At the outset of the novel Shay is jobless, on the verge of getting kicked out of grad school, and at the end of her rope. In a desperate attempt to make sense of her life, she asks, “What Would Nina Do?” One night, the high priestess appears to Shay and tells her to go her home.

Although many in Shay’s predicament would be running back to the comforts of home, Shay has no fond memories of her home life to console her. Shay’s mother, a recovering alcoholic, put her through a hellish childhood, choosing men and booze over her daughter. Shay, vowing never to return to Denver, brushes off the idea until she finds herself being evicted from her apartment and forced to take a leave from school. She calls her mother, after years of not speaking, packs up her things and heads home to Denver.

Dead set on riding out her sabbatical from school by staying as far away from her mother as possible, Shay attempts to lock herself away in her room. Nona, her mother, has other ideas and wants to make amends for her actions during Shay’s childhood. Shay isn’t convinced. She doesn’t buy Nona’s uber-positive outlook on life and is convinced she must still drinking. Shay searches the house for empty liquor bottles, but comes up empty. One night she sees Nona in her garden and is convinced that that is where she must be hiding the bottles, but soon learns that Nona has traded drinking for gardening.
Growth and change is a central theme of the novel. Shay’s bitterness over her mother’s past actions threatens to undermine the positive changes that Shay needs to take in her own life. She is painfully shy and blames her mother for socially stunting her growth. Her resentment toward her mother also threatens the future of their tenuous relationship. Although Nona continues to try to make amends, the possibility of reconciliation seems unlikely until a crisis hits.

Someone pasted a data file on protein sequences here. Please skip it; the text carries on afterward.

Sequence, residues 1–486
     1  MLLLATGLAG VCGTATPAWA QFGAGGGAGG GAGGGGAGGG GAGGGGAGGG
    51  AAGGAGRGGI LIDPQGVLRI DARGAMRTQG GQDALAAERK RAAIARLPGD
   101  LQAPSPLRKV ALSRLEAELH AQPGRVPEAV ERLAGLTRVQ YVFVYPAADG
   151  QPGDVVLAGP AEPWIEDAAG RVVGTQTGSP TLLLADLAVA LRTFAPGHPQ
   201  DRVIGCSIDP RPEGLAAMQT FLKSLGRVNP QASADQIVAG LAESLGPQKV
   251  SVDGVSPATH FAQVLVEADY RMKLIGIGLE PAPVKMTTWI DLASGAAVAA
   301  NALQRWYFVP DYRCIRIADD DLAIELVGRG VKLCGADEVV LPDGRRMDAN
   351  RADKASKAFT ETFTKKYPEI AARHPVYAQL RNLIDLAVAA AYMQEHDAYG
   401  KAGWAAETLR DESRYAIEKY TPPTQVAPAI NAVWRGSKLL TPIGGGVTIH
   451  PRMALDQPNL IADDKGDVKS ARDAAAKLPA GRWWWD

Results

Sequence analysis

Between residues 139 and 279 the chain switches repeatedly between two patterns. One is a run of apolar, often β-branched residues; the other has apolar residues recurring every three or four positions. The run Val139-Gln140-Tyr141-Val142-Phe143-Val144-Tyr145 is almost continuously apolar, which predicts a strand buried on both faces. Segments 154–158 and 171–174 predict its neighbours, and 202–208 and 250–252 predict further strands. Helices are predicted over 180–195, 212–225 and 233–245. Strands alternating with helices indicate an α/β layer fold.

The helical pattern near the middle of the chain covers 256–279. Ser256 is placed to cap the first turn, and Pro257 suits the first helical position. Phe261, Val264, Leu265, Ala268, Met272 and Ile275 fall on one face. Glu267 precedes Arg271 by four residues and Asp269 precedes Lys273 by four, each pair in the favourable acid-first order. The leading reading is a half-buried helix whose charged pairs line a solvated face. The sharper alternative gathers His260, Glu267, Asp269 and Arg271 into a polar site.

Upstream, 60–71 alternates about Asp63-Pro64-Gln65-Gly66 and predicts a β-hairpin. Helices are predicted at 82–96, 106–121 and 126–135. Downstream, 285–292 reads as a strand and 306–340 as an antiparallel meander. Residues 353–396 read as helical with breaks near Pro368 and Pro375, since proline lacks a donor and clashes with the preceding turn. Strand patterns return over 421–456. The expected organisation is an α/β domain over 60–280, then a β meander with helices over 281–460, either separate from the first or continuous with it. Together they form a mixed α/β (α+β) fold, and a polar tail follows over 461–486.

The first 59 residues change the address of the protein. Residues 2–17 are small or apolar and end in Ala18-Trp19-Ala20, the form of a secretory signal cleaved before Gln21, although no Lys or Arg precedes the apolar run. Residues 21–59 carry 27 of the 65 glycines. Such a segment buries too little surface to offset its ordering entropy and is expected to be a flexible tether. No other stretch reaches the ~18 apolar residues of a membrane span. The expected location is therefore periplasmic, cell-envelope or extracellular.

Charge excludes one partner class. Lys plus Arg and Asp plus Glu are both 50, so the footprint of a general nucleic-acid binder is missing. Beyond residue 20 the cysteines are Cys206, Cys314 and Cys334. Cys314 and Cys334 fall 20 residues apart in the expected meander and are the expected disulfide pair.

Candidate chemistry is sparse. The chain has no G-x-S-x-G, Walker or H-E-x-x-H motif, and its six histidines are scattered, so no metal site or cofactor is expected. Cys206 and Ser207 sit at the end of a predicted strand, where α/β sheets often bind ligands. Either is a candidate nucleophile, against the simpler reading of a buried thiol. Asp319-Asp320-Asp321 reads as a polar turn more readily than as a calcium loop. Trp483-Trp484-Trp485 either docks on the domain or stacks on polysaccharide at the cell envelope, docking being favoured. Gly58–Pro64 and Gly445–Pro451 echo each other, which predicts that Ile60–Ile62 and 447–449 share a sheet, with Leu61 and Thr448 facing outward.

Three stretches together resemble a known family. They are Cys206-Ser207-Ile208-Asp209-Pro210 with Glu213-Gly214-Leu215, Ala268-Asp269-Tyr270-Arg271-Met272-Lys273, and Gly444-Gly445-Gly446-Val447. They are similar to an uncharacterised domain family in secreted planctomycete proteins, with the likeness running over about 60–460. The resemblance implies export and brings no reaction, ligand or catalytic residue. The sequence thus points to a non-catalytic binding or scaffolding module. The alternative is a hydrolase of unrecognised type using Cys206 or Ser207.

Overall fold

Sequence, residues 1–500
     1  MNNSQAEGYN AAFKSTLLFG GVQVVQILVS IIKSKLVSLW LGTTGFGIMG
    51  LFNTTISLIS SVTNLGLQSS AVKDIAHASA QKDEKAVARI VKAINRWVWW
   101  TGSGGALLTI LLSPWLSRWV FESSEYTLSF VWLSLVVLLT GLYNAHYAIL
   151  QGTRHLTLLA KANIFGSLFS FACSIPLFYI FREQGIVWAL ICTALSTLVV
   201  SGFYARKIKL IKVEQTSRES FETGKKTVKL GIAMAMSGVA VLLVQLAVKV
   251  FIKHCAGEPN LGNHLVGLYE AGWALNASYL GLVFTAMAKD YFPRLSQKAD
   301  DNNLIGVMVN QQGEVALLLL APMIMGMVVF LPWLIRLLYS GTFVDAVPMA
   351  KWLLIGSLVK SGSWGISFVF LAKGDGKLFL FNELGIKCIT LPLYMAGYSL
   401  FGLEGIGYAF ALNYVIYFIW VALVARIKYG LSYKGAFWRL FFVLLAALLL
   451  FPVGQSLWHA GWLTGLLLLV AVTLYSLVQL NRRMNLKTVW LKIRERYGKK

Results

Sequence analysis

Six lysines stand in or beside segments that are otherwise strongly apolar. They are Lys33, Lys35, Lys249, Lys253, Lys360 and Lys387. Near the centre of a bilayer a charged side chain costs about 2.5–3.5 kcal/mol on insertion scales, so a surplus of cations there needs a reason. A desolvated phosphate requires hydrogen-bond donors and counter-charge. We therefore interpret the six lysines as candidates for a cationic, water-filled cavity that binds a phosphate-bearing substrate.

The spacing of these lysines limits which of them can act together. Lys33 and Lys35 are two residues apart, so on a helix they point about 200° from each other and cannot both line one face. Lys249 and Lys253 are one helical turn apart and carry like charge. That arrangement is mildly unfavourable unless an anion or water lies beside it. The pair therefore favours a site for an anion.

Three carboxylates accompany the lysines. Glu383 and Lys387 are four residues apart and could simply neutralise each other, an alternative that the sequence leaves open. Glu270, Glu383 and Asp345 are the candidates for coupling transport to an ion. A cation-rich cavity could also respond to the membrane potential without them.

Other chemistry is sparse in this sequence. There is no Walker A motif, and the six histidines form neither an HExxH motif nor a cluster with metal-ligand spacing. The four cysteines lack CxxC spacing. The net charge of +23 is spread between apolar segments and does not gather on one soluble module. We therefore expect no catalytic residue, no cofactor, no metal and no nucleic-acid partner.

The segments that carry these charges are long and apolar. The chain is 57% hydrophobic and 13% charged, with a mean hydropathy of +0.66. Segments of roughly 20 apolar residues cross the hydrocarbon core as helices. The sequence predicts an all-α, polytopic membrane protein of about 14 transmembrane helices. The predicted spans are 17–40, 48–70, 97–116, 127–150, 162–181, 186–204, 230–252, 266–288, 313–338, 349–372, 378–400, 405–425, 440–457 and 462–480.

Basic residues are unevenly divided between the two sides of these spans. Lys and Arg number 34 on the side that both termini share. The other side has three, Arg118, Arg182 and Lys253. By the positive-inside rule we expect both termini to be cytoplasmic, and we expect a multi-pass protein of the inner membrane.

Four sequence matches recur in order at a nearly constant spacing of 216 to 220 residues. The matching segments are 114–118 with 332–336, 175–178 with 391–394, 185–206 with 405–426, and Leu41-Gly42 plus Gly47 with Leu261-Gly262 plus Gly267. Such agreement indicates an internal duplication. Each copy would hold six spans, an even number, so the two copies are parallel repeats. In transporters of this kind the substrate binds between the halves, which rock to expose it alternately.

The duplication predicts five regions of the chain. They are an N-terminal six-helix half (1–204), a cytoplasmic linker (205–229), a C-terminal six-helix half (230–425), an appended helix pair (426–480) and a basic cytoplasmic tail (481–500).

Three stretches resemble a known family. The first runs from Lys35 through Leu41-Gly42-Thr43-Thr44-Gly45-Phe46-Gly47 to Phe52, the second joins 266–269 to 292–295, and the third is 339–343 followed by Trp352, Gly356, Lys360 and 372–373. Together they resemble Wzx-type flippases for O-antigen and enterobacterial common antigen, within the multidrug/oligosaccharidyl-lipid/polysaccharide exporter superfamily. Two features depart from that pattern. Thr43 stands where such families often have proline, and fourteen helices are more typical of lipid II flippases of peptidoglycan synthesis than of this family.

In Orange Mint and Honey, Carleen Brice weaves a beautiful tale of a complicated mother-daughter relationship that is as lush and soulful as a John Coltrane sax solo, and as beautiful as a field of wild, blossoming flowers. Brice accurately captures both Shay’s and Nona’s voices as they both fight for the change they so desperately need. Brice, a cultivator of words, uses gardens as a metaphor for the cycle of life—a once barren land can become a beautiful and verdant with hard work and determination. Orange Mint and Honey is a captivating story that is sure to keep you turning the pages and wishing for more.

Posted by the prisoner's wife On 8:22 PM 7 comments

Books, Books, Books I do Adore...pt 1

Wednesday, January 07, 2009

Mark Twain once commented that "Books are for people who wish they were somewhere else." And over the course of the Winter break, I've had the pleasure to travel to three interesting places, and encounter a myriad of captivating characters.

Reading has always been an escape for me. A place where I can tune out the stresses/pressure of my life and delve into the loves, dramas, and worlds of others. The books that I love the most have enveloped me in their characters' lives so much so that I think about them once I'm long finished with the book. Although the books I've read over break have all had distinct and unique stories, they have all been tied together through the common thread of deft characterization. Each of these books was an interesting read that I'd encourage you to pick up as well.

I love books. So feel free to comment on any of these (if you've read them) and suggest some that you think I'd like.